It was a cold farewell to Granada, the place that introduced us to Andalusia and had become our home for the last few months. There were many things I wanted to do in this old city as our time there was coming to a close, although they never happened.
Hiking on cobblestone streets carrying a heavy pack and my four-year-old had taken its toll, as I developed sciatica and have been in pain for the last four weeks. I have only just started walking again and I’m just beginning to sleep better.
I wanted to write about the doors of Granada before I left, as there are so many old and interesting portals about town, but the shots didn’t come. Then there’s the cats – a whole subculture of felines that roam about this ancient, dry and dusty place in a world of their own. I wanted to see the waterfalls, tunnels and bridges of Monachil too, but for the last few weeks in Granada I had trouble getting inspired even to travel to the fridge.
In the end I was getting a little bored too – the tourists, the heat, the parched streets and dust that seemed to settle permanently up my nose. Just before my injury we managed to escape for a bit and explore the province of Cadiz and enjoy what felt like our first real Spanish holiday (as Seville had been too hot). Ronda, along the way, was stunning and Jerez de la Frontera was a place we gave serious thought to living in, as it’s interesting and well-located.
However, after returning to Granada and acquiring my injury, I began furiously researching greener parts of Spain. Green is my favourite colour and I needed more of it in my life, as we’ve been spoilt at home in Byron Bay. One area in particular grabbed my interest and after some discussion we decided to head to the far north, to the verdurous hills of Asturias where lies rain, cider, fewer tourists and rugged adventure.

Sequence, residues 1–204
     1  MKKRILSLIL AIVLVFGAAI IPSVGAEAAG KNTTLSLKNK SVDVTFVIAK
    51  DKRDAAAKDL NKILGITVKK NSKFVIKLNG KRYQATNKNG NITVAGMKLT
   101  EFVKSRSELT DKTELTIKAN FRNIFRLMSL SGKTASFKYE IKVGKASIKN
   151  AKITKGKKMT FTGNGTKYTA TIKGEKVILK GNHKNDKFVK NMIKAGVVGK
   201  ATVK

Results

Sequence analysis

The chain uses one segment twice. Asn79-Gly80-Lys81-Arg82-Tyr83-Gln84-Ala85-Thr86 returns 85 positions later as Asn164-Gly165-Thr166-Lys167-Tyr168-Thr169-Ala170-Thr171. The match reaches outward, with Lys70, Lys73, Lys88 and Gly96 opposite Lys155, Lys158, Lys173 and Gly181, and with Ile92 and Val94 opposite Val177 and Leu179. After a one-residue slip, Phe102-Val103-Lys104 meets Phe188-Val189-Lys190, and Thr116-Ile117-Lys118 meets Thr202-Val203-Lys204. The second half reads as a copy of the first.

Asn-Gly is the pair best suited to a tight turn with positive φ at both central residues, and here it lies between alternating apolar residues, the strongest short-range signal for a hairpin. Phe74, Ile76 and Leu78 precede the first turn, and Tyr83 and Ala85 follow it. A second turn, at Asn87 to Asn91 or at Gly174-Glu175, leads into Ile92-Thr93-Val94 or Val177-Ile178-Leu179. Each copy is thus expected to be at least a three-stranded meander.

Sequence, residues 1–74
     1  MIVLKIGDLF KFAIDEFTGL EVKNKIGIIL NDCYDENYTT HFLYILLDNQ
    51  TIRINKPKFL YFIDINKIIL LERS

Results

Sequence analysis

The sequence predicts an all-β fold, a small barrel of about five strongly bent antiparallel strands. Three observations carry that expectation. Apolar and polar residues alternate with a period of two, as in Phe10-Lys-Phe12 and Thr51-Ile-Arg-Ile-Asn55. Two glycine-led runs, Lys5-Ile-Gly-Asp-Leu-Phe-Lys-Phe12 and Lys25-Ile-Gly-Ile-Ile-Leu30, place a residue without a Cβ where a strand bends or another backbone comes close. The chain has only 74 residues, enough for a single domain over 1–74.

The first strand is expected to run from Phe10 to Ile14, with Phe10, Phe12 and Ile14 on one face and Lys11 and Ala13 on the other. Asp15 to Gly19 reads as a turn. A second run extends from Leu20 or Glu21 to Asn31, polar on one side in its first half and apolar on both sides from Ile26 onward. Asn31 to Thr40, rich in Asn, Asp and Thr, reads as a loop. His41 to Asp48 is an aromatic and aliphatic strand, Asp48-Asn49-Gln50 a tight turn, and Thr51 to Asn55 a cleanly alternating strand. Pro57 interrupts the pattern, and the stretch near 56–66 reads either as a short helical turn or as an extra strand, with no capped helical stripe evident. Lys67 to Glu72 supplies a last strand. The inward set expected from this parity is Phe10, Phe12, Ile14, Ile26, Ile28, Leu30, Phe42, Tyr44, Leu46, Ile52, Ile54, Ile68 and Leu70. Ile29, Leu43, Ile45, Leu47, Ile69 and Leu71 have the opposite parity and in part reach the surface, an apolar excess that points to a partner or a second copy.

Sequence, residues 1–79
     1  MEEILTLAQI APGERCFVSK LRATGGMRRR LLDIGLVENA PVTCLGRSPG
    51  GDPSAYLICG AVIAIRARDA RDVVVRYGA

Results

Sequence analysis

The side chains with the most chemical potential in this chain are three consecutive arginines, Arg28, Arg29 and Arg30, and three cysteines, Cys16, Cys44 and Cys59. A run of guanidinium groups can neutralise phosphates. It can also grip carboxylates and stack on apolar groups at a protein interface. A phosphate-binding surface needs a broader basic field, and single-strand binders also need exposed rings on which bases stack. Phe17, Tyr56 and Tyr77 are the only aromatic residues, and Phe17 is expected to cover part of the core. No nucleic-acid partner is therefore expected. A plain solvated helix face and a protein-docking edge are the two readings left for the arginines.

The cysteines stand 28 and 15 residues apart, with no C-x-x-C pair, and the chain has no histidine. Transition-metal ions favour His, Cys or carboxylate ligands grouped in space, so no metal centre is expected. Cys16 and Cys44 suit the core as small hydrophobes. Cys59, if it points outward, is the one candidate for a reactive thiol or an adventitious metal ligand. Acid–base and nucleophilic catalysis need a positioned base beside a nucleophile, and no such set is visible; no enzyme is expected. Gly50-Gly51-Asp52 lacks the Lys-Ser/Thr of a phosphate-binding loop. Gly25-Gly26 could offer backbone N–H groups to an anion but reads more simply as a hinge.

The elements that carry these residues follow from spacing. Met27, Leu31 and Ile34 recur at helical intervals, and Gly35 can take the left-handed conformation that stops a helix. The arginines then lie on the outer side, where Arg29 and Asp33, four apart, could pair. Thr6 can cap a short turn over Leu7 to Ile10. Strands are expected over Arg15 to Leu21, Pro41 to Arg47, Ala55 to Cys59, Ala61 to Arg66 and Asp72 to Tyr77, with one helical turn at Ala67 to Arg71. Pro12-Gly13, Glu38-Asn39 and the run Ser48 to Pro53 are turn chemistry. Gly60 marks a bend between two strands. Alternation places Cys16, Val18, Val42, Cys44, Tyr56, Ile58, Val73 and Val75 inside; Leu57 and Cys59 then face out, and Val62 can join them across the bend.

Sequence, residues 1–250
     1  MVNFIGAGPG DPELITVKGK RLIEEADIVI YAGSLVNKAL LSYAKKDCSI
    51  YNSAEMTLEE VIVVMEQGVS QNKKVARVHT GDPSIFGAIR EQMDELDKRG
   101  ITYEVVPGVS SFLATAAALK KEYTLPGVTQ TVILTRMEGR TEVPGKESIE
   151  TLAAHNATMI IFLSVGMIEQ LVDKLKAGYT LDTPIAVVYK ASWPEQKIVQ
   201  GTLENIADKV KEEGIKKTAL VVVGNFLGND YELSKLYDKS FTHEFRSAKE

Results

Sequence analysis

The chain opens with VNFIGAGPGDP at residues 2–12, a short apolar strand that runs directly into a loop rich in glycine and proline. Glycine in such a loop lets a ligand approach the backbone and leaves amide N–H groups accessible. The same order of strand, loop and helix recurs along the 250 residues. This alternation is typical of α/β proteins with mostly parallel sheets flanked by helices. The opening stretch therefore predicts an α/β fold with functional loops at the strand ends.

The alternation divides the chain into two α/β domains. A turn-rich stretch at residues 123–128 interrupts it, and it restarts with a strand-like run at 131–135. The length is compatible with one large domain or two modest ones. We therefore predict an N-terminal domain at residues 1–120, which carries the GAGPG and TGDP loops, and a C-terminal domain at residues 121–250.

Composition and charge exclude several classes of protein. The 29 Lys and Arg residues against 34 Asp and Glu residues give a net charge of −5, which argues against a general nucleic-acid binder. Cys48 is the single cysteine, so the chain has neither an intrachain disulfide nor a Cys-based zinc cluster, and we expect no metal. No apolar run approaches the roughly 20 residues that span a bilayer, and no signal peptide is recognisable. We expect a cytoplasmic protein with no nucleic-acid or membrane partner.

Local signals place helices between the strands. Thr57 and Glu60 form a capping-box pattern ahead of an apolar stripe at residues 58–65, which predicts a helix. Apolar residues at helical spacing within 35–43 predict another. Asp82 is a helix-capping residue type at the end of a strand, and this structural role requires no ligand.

As we waited for our taxi out of town, a dog howled at length in the dry morning heat. I sat there listening to this bereft sound for several minutes before the animal walked off, down the street, disappearing around the corner into one of the Albaicin’s old and character-filled alleys. It was a strange and interesting sight and an oddly fitting way to leave Granada.
Soon, we too were gone, shooting along on one of Spain’s marvellous high-speed trains at roughly 290 km/ph towards Madrid, where I managed to rest my leg by the pool for a couple of days. From here it was onwards to Oviedo, in Asturias – our destination.
About an hour-and-a-half outside of Oviedo, the country began to change dramatically. The scorched hills of Andalusia give way to sweeping valleys and ashen peaks that rose violently from kelly-green hills. All that was brown turned to green and if I didn’t know better, I would have thought we were snaking our way through Switzerland.
We’ve been in Oviedo for two weeks now and I have to say I feel more at home here than ever. I’m walking again, although slowly, there are mountains and flourishing hills on every side and the sea is a mere 20 kilometres away. I’m eager to wander the hills and explore the history and culture of this mysterious and oft overlooked part of Spain.
So far the food here has been superb, the architecture very different (compared to the south) and there’s quirky sculptures scattered about town. Oviedo is clean, pretty, image conscious and feels a bit like a mishmash of France, England and Germany, but with very much its own history and culture. I think it’s the perfect size, being small enough to navigate on foot but big enough to keep one interested.
In all, it honestly feels like a different country here compared to the south. There’s Celtic flavour – as bagpipes are a common sight – and cider flows down the streets as it’s poured from outstretched arms over alfresco terraces to give it fizz. The people are also super-friendly and as there’s fewer tourists, I’m not using English unless I speak to my family (a big plus).
Nearby is the larger, seaside town of Gijón, also a wonderful place with a grittier feel which I’m looking forward to exploring more of, as I’ll be teaching English there shortly.
It’s going to be a long, rainy winter in Asturias, although right now I’ve never felt so at home in Spain.